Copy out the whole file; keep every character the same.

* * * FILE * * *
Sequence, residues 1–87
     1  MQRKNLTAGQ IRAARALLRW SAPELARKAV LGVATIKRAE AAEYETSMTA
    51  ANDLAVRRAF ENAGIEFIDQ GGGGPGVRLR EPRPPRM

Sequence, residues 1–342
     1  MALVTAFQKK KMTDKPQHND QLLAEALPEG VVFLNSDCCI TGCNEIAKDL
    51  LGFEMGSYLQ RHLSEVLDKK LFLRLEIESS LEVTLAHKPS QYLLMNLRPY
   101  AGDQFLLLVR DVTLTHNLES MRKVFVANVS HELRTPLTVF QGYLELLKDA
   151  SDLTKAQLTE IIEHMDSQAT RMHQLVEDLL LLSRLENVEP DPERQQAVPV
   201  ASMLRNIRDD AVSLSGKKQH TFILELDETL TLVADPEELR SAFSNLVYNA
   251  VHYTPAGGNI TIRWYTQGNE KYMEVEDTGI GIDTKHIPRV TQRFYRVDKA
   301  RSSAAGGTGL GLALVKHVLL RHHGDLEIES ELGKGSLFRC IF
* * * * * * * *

Sequence, residues 1–87
     1  MQRKNLTAGQ IRAARALLRW SAPELARKAV LGVATIKRAE AAEYETSMTA
    51  ANDLAVRRAF ENAGIEFIDQ GGGGPGVRLR EPRPPRM

Sequence, residues 1–342
     1  MALVTAFQKK KMTDKPQHND QLLAEALPEG VVFLNSDCCI TGCNEIAKDL
    51  LGFEMGSYLQ RHLSEVLDKK LFLRLEIESS LEVTLAHKPS QYLLMNLRPY
   101  AGDQFLLLVR DVTLTHNLES MRKVFVANVS HELRTPLTVF QGYLELLKDA
   151  SDLTKAQLTE IIEHMDSQAT RMHQLVEDLL LLSRLENVEP DPERQQAVPV
   201  ASMLRNIRDD AVSLSGKKQH TFILELDETL TLVADPEELR SAFSNLVYNA
   251  VHYTPAGGNI TIRWYTQGNE KYMEVEDTGI GIDTKHIPRV TQRFYRVDKA
   301  RSSAAGGTGL GLALVKHVLL RHHGDLEIES ELGKGSLFRC IF